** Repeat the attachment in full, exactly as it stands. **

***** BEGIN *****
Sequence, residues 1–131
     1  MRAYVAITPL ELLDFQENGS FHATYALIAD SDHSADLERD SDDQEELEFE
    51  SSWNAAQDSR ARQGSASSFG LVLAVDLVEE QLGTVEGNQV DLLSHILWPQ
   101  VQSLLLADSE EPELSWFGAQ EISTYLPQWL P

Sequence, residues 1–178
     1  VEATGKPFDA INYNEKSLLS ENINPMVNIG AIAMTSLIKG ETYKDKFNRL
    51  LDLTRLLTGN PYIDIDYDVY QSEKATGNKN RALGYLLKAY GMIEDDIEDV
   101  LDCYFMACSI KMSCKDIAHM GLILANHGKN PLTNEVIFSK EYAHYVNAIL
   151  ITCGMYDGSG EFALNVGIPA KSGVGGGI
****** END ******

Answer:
Sequence, residues 1–131
     1  MRAYVAITPL ELLDFQENGS FHATYALIAD SDHSADLERD SDDQEELEFE
    51  SSWNAAQDSR ARQGSASSFG LVLAVDLVEE QLGTVEGNQV DLLSHILWPQ
   101  VQSLLLADSE EPELSWFGAQ EISTYLPQWL P

Sequence, residues 1–178
     1  VEATGKPFDA INYNEKSLLS ENINPMVNIG AIAMTSLIKG ETYKDKFNRL
    51  LDLTRLLTGN PYIDIDYDVY QSEKATGNKN RALGYLLKAY GMIEDDIEDV
   101  LDCYFMACSI KMSCKDIAHM GLILANHGKN PLTNEVIFSK EYAHYVNAIL
   151  ITCGMYDGSG EFALNVGIPA KSGVGGGI